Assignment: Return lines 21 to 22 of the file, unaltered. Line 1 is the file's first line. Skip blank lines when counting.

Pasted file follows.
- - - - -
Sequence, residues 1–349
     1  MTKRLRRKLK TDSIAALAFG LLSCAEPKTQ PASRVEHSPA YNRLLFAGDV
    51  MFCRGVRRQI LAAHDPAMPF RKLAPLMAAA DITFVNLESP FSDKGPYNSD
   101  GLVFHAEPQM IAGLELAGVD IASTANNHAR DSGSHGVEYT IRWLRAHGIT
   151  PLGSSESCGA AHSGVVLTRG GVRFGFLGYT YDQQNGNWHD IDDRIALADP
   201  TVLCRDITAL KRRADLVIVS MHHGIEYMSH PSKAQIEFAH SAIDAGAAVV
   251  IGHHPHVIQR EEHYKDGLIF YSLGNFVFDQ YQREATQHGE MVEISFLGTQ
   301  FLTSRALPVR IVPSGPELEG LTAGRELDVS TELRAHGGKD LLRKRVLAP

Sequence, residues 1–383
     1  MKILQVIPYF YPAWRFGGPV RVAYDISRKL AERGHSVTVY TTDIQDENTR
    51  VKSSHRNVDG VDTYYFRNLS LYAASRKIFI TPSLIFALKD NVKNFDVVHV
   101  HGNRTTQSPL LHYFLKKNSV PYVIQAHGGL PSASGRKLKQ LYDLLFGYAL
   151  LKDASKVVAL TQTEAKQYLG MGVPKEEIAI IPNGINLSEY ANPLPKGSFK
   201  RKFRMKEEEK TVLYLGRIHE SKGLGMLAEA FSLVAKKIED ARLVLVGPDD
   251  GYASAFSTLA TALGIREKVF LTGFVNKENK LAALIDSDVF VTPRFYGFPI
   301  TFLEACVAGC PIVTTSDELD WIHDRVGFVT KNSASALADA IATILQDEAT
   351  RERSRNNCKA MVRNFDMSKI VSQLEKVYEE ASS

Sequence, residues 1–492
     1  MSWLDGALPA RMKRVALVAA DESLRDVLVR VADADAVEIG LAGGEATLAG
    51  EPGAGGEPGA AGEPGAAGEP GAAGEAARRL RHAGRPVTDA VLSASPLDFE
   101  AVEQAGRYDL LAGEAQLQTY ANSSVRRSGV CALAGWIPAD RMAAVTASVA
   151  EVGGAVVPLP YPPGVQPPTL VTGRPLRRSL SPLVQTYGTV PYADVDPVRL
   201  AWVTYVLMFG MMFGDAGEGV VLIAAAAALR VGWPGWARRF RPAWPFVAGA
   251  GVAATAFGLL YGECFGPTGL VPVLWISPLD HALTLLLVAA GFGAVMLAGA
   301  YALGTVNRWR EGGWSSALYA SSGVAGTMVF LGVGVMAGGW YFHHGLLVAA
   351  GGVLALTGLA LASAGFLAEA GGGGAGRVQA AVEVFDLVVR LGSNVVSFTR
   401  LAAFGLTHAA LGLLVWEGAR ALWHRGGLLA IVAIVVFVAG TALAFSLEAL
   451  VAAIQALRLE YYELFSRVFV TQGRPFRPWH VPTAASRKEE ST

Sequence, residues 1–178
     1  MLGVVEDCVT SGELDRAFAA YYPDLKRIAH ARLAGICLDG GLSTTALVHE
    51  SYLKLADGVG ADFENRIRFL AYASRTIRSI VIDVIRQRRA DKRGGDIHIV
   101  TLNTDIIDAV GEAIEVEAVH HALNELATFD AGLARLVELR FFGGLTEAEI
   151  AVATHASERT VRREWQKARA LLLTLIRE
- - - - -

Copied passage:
   101  AVEQAGRYDL LAGEAQLQTY ANSSVRRSGV CALAGWIPAD RMAAVTASVA
   151  EVGGAVVPLP YPPGVQPPTL VTGRPLRRSL SPLVQTYGTV PYADVDPVRL